I don’t want to dwell on it. The tone control of 25-year-old rock star profiles is obnoxious and of limited use. But I have to give you an idea of the bullshit in this world, precisely. People writing about Fiona Apple in 1997, collectively it was just an active, burning volcano decimating YIKES Pompeii. The speech goes from crude frivolity to frightening seriousness on a dime. For example: the message much less pretty than the face, mentioned in this New York Times title, is a reference to the second song of the Tide album, which is called “Sullen Girl”.
At first, at least one interviewer asked Fiona if this song, too, was about a bad breakup. It’s not. Fiona Apple has mentioned in numerous magazine and newspaper profiles that she was raped when she was 12 in her apartment building in New York. Often times she spoke of it in an excruciating way. Its description, in this Rolling stone cover, spans six, seven, eight paragraphs, in vivid and disturbing detail, right down to the number of locks on her apartment door. She had unlocked two out of three. What she said Rolling stone was, “I thought at the end of the day, whatever happens, if I lie about it, I don’t care what it says. ”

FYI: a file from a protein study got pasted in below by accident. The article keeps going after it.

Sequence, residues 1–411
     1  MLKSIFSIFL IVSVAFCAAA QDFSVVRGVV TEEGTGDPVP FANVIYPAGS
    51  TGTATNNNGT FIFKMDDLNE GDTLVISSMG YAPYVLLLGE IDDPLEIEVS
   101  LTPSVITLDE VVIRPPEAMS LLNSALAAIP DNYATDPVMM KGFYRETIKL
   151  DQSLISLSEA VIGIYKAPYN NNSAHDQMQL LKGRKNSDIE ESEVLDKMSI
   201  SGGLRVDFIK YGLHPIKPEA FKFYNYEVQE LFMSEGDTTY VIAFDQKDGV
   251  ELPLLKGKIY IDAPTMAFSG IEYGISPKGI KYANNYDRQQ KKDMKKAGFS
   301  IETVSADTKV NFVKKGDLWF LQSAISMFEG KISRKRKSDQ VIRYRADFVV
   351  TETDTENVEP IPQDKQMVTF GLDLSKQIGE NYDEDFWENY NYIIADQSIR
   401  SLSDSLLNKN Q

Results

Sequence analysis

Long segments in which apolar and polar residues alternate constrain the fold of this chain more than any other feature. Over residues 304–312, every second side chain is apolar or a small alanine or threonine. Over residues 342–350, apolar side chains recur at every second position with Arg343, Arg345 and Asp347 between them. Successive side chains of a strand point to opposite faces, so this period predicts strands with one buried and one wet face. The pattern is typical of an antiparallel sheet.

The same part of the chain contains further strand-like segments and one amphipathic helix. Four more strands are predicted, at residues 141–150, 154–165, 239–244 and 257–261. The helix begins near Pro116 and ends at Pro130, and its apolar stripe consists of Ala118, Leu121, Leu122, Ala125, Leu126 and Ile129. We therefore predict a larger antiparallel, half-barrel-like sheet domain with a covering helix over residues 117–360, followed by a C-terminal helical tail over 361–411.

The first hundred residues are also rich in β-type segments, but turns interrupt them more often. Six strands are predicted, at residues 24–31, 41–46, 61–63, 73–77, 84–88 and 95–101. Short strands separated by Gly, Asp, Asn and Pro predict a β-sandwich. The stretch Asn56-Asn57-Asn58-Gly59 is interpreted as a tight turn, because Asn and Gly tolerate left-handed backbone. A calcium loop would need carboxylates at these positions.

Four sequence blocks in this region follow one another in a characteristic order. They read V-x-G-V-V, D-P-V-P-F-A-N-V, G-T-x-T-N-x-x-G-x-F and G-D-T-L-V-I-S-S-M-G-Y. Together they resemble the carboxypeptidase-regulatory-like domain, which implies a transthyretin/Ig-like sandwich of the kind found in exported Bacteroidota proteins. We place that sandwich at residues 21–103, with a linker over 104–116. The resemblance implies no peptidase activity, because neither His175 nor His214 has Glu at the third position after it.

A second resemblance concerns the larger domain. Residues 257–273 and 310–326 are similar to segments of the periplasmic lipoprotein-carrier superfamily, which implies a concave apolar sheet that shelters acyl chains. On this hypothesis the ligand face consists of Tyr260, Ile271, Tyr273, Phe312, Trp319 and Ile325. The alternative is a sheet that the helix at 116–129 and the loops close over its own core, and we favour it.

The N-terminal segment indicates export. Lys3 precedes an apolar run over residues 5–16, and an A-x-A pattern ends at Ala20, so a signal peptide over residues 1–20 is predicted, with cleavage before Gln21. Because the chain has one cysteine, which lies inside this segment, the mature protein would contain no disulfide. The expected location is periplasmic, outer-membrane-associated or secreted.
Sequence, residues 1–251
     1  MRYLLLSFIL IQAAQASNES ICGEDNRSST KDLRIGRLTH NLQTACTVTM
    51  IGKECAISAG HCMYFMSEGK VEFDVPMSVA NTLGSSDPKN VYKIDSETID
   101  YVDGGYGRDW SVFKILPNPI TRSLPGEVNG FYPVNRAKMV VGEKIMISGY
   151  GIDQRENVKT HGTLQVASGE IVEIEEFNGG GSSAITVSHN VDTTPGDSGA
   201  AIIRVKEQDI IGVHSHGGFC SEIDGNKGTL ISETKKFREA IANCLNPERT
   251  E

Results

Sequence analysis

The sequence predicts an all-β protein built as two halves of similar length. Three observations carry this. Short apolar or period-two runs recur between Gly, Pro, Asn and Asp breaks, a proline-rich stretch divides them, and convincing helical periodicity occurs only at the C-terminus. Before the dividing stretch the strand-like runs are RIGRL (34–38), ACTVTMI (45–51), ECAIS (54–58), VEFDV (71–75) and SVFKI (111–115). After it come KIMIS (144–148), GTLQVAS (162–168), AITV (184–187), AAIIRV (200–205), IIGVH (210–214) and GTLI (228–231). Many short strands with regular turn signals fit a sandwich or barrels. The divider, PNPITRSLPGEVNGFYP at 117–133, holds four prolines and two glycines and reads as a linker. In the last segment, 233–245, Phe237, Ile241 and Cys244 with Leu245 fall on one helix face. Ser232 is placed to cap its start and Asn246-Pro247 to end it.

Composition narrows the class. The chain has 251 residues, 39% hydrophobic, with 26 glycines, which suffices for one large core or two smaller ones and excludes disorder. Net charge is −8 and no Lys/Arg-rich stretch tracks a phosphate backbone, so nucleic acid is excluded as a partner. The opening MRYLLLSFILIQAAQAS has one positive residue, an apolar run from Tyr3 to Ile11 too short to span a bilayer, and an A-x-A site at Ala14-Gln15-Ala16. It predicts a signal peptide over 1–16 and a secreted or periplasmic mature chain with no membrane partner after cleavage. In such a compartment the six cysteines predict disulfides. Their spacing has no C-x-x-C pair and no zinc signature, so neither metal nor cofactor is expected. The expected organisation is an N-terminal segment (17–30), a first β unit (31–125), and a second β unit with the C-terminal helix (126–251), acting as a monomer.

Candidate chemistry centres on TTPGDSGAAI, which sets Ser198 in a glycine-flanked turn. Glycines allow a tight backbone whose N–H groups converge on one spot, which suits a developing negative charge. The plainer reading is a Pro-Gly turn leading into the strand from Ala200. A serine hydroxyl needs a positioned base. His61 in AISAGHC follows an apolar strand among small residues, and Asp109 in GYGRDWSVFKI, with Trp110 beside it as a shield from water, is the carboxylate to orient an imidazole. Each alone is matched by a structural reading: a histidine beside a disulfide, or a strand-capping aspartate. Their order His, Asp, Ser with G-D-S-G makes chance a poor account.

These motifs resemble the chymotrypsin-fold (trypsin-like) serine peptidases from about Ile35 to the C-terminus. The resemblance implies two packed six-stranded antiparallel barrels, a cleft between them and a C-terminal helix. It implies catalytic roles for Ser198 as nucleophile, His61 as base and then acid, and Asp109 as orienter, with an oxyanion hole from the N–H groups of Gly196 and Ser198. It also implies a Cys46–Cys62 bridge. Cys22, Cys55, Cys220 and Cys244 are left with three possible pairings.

And so now, in every interview, Fiona would sit and wait for this to happen. Or she didn’t wait. She said, “I would be, ‘You wanna ask when I was raped?’ I was like, ‘Please don’t act like I have food in my teeth. It is in the open air. It’s not something that bothers me, so don’t act like it’s something that should upset me. Which I think I was sensitive to, because I was embarrassed about it for a long time.
What’s often singularly great, but sometimes really horrible about listening to Fiona Apple sing, is how a random word can blow up the path. word my explode there. The conclusion that many early profiles of Fiona come to – because Fiona explicitly says so – is that she writes her songs less as therapy than just a question. survival. She describes songwriting, in that sense New York Times article, saying, ‘I didn’t think it was a fun thing to do. I thought it was the only thing I could do. ”
To hear the full episode click here, and make sure to follow on Spotify and check back every Wednesday for new episodes of the decade’s most important songs. This excerpt has been edited slightly for clarity and length.